Established businesses everywhere are under attack. The headlines are full of stories of business disruption. Entrepreneurs everywhere are building companies to unseat the entrenched firms.
While many think the answer is to invest in more technology, lobby government or follow their competitors actually the answer is right in front of them.
Our team in Sydney recently had the chance to sit down with Luke Jecks, the Global CEO of Naked Wines for his perspective. Listen to Luke talk about what he describes as the Kryptonite for disruptors, its a great lesson for anyone in business today:
So what’s the Kryptonite for disruptors? A Customer Culture or as Luke puts it:
“Love your customers”
If you spend time understanding and acting on your customers’ needs you will create loyalty that will keep you as immune as you can be to disruption.
So how did Naked Wines disrupt the wine industry?
Before Luke set up Naked Wines four years ago he was looking for an industry where customers felt disenfranchised. He found it in the Australian wine industry – a market dominated by two large retail chains owned by Coles and Woolworths that between them shared almost 70% of wine sales nationally. Not only did he find wine lovers who felt little connection with the vast array of brands but also boutique vineyards that were being squeezed out of the market by ever-narrowing margins and an inability to finance the next vintage.
Luke knew that if he could create a personal connection between winegrowers and consumers and a financial model that could provide more stability and certainty for wine growers he could build a new business.
He realized that he needed wine consumers as repeat customers and he came up with the idea of “angels’ – that is consumers as angel investors who would pay $40 per month and build up a credit in their account to be used to buy the boutique wines of their choice.
Four years after launch Naked Wines in Australia has more than 50,000 sustained angels, more than 35 boutique winery suppliers with an online communication and ordering system that connects them.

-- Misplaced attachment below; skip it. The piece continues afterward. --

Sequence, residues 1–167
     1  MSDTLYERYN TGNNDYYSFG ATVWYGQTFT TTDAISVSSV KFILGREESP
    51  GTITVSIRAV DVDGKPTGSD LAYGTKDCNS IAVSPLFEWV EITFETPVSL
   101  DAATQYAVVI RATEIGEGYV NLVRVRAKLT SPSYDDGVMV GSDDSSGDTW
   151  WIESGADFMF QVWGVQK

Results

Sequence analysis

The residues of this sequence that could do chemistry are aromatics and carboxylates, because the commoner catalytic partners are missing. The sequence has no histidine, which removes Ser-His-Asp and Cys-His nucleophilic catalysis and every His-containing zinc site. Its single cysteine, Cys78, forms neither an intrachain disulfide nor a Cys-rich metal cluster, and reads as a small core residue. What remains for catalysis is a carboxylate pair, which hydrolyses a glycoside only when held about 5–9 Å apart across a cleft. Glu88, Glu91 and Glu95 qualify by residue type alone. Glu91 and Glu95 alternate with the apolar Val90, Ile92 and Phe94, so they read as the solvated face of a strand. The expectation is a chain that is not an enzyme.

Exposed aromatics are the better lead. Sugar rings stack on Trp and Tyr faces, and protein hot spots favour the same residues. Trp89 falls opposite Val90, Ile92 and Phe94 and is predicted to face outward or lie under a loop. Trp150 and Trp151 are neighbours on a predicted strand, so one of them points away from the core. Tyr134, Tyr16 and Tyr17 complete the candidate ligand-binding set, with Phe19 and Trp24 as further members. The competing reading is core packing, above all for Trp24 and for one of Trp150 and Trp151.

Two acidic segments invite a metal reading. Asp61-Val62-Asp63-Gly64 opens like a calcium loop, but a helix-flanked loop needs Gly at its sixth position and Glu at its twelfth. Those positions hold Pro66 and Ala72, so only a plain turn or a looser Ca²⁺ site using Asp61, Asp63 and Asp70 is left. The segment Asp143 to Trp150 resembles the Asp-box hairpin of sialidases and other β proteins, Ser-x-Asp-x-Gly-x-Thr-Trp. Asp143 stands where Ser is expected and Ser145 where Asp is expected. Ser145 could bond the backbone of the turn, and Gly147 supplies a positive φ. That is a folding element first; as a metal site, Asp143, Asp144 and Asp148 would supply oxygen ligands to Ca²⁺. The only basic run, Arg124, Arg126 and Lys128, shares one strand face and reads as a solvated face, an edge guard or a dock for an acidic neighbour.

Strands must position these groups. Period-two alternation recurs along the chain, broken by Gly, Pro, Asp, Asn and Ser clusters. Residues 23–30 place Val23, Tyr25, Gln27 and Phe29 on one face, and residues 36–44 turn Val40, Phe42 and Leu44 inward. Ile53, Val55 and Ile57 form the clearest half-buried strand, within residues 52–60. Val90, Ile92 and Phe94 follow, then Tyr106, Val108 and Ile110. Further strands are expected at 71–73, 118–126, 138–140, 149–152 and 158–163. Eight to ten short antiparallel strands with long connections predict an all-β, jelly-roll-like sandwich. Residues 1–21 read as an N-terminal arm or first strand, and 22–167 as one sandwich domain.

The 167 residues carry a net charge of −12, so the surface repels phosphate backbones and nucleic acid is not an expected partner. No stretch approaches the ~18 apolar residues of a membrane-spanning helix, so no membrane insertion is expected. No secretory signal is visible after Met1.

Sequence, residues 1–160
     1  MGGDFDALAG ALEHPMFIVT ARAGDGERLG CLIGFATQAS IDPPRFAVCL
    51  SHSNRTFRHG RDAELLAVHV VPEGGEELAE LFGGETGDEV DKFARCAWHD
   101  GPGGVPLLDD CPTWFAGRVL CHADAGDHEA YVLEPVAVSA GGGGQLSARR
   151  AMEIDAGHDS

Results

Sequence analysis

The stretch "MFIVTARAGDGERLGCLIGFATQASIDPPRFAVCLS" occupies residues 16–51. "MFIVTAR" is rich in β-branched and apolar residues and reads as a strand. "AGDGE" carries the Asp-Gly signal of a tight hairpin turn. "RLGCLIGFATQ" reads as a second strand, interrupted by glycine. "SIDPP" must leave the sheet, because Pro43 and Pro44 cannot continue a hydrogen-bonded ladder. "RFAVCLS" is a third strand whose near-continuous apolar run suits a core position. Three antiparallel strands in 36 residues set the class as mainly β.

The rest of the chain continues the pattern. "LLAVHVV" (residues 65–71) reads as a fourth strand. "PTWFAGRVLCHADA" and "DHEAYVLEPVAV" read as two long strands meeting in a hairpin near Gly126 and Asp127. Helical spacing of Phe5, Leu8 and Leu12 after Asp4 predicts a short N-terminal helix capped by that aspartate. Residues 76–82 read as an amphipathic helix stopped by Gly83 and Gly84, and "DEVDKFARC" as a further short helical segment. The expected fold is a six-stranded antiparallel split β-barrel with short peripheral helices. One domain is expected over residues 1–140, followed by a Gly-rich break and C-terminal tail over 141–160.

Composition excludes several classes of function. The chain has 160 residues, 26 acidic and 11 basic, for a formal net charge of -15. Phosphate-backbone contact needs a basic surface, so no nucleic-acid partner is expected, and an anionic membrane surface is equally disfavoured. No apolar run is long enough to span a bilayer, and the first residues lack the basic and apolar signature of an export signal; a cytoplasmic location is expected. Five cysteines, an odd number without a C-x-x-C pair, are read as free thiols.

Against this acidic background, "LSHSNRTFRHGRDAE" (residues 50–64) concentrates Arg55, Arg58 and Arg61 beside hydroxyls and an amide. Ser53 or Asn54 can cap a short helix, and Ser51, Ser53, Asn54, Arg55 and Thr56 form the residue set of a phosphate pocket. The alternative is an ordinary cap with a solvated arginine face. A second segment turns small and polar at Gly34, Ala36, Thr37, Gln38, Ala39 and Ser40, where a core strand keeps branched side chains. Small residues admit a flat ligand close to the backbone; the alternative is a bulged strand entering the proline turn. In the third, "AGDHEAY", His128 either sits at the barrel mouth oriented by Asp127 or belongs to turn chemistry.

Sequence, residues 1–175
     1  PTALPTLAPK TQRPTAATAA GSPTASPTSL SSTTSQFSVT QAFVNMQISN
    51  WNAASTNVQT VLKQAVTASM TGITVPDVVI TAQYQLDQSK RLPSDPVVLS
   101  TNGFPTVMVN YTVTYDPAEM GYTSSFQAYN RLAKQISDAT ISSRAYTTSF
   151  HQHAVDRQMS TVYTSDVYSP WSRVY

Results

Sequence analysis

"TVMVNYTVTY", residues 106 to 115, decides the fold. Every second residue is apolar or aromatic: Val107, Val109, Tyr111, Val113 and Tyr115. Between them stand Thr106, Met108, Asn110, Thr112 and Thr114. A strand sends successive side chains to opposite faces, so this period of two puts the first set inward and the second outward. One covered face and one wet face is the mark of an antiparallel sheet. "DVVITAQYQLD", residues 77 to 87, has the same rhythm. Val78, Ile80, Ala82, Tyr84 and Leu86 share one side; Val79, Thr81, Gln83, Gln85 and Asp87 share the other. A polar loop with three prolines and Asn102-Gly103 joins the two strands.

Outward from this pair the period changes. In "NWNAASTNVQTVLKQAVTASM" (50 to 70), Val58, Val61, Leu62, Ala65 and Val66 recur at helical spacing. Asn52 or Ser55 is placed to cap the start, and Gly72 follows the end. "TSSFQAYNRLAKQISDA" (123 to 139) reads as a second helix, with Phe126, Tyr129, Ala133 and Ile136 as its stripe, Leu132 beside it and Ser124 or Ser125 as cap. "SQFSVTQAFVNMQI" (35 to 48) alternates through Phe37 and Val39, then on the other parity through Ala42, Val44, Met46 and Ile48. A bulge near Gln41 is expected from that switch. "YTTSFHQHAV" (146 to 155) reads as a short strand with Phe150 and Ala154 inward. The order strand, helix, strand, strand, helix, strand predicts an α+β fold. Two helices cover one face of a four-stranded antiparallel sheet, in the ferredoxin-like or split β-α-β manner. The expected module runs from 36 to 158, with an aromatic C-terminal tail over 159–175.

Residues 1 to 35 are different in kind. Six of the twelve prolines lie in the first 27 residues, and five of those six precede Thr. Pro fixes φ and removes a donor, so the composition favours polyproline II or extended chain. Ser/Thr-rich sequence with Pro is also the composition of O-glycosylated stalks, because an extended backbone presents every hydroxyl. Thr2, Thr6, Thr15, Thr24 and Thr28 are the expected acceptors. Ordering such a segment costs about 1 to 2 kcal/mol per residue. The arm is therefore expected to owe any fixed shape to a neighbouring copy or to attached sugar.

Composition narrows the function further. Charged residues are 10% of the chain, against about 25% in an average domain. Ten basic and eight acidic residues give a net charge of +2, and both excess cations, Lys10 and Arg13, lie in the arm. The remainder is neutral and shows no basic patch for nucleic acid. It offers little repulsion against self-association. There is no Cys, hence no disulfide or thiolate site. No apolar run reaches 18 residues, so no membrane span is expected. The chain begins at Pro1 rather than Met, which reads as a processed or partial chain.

Annual Australian revenue of $30 million and more than $200 million globally is a testament to the fact that the whole Naked Wines team have a culture that enables them to “love” their customers.
Isn’t it time to create a customer culture in your business and build up your disruptor defenses?
Posted in Case Study, Customer Centric Culture, Customer Centric Leadership, Customer Culture and Profit Link, Customer Experience, Customer Insight, Customer Service, Disruption, Market Culture in Action, Uncategorized
Tagged customer culture, Customer-Centricity, Disruption, innovation, luke jecks, nakedwines
The insurance industry is facing a shake-up. The traditional model using specialist agents who communicate with their customers around the time insurance premiums are to be renewed and offer generalist solutions is being disrupted.
- Consumer needs and demands are changing. Independent online research sources enable consumers to buy online, compare alternative offers and enhance self-service choices. Insurers will need to offer more personalized products that take account of individual circumstances and provide more transparency in their pricing.
- Sites such as Friendsurance enable friends to pool their premiums and is an example of how social networks are bypassing traditional insurance companies. As these grow they will impact incumbents.
- Car manufacturers are looking to add value to their offerings and through technology will have the ability to offer tailored insurance based on a driver’s history rather than industry wide statistics. Just as they bundle in car servicing they have the ability to bundle in insurance as an overall car package.
- As more car sharing takes place and the number of low frequency drivers increases premiums can be restructured to cover “pay as you use”.
- Many new competitors will be pure play online companies as we now see with specialized travel insurance companies like 1Cover. There will be many specialized market niches for them to attack.